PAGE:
London has been making headlines around the world recently thanks, in part, to the estimated £200 million heist which took place in Hatton Garden last week. So we thought it was a good time to take a look back to one of London’s most famous robberies (or attempts at least)…
The attempt dates back to 1671 when a self-styled colonel, Irish adventurer Thomas Blood, made an attempt to steal the Crown Jewels from the Tower of London.
The Irishman – whose history included fighting on both sides in the English Civil War, first with the Royalists and then with the Parliamentarians when he saw the tide was turning – visited the Tower of London several times in the lead-up to the attempt as he, disguised as a parson, cultivated a relationship with Talbot Edwards, an elderly keeper of the jewels, and his family.
On the night of 9th May, he and a group of accomplices, including his son, attended a dinner put on by the Edwards at the Tower. While waiting for the meal, Blood asked to see the jewels which were housed behind a grille in the basement of the Martin Tower (pictured above) above which the Edwards had an apartment.
Edwards complied and once in the Jewel House, Blood and his accomplices attacked him, knocking him to the floor with a mallet and then stabbing him before binding and gagging him.
They then turned their attention to the jewels – Blood used a mallet to flatten St Edwards Crown so he could hide it beneath his coat while his brother-in-law Hunt filed the Sovereign’s Sceptre with Cross in two to fit it in his bag and a third man, Robert Perot, stuffed the Sovereign’s Orb down his trousers.
Things didn’t go smoothly after that and the alarm was raised before the gang could make their getaway. It has been suggested it was Edwards who raised the alarm – that despite efforts to shut him up he managed to remove his gag and raise the alarm – but other versions say it was his son, returning from service in Flanders, who raised the alarm on seeing the gang.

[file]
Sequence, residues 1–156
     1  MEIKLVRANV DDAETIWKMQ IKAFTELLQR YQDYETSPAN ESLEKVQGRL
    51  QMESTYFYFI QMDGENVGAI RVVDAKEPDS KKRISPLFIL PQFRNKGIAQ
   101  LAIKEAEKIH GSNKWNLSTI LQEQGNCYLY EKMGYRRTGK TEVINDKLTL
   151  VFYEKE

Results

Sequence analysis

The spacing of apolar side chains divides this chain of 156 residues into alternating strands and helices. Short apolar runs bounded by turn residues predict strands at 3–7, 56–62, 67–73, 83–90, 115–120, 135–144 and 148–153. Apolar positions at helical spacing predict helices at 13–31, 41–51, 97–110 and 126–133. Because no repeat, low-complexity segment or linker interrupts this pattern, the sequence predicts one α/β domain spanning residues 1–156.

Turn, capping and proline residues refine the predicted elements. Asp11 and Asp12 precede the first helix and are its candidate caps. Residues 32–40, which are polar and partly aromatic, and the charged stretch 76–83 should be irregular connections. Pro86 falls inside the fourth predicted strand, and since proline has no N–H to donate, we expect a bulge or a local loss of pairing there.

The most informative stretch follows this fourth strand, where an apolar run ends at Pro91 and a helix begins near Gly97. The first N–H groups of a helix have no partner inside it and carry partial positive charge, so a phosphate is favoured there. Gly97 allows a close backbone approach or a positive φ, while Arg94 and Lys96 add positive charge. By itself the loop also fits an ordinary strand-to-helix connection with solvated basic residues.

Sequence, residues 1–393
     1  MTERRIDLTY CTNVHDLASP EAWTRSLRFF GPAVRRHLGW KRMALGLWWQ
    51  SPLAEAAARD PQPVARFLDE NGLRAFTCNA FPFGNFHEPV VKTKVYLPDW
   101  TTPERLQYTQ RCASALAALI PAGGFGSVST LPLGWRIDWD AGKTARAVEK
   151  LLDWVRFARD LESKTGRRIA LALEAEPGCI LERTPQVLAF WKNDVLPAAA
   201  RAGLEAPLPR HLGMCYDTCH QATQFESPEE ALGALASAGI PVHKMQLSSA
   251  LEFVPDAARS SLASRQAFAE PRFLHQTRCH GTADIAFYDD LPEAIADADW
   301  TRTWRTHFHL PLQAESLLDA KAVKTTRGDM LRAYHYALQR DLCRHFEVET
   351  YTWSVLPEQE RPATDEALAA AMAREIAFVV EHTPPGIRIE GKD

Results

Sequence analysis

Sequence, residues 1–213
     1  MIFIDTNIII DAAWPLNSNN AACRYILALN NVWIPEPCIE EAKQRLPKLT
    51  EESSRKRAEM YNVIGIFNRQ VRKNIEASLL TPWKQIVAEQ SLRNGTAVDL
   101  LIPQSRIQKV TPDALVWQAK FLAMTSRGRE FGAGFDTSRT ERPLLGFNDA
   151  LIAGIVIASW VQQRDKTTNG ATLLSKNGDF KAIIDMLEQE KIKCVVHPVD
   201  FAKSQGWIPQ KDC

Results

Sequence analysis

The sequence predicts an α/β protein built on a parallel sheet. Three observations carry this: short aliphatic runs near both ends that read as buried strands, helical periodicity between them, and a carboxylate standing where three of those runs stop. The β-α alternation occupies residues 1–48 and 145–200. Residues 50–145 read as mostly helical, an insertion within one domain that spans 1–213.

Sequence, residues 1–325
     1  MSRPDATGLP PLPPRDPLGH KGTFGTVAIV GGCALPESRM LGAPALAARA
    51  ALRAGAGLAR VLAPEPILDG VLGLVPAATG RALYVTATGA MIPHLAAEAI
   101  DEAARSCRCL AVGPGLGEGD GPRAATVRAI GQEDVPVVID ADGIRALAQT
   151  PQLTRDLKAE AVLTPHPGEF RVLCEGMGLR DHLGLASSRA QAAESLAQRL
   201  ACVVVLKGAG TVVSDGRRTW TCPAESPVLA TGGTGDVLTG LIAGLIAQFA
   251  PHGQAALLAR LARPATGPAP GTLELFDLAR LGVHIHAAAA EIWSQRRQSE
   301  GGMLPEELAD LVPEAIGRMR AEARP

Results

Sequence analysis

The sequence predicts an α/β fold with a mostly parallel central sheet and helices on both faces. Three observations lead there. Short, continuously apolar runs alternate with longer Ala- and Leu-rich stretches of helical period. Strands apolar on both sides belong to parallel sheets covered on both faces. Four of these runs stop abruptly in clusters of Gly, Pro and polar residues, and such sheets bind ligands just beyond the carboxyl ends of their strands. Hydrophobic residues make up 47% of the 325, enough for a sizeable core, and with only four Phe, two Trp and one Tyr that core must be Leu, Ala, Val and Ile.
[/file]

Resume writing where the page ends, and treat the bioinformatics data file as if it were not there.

In any event, the gang fled, evading efforts of the warders to stop them, before Blood, Hunt and Perot were captured on the Tower of London wharf. The crown, globe and orb were all recovered, albeit damaged.
Blood refused to speak after his capture and was eventually taken before King Charles II for interrogation. But he was evidently so impressed with his captive that he not only pardoned Blood but also rewarded him with land in Ireland.
Blood did later end up briefly in prison after a dispute with the Duke of Buckingham and died soon after his release in August, 1680, but in the intervening years he had become something of a celebrity around London including the Royal Court.
Security around the Crown Jewels, meanwhile, was upgraded somewhat in the wake of the attempt. While others have tried to steal them, none have ever been successful.
WHERE: Tower of London (nearest Tube station is Tower Hill); WHEN: 9am to 5.30pm Tuesday to Saturday, 10am to 5.30pm Saturday and Monday (last admission 5pm); COST: £24.50 an adult/£11 a child (5-15 years)/£18.70 concession/£60.70 a family of four (discount applies to online bookings); WEBSITE: www.hrp.org.uk/TowerOfLondon/.
One thought on “A Moment in London’s History – Colonel Blood’s attempt to steal the Crown Jewels…”
I do love that story and I’ve never heard the detail of the brother in law cutting the sceptre in half before – brilliant!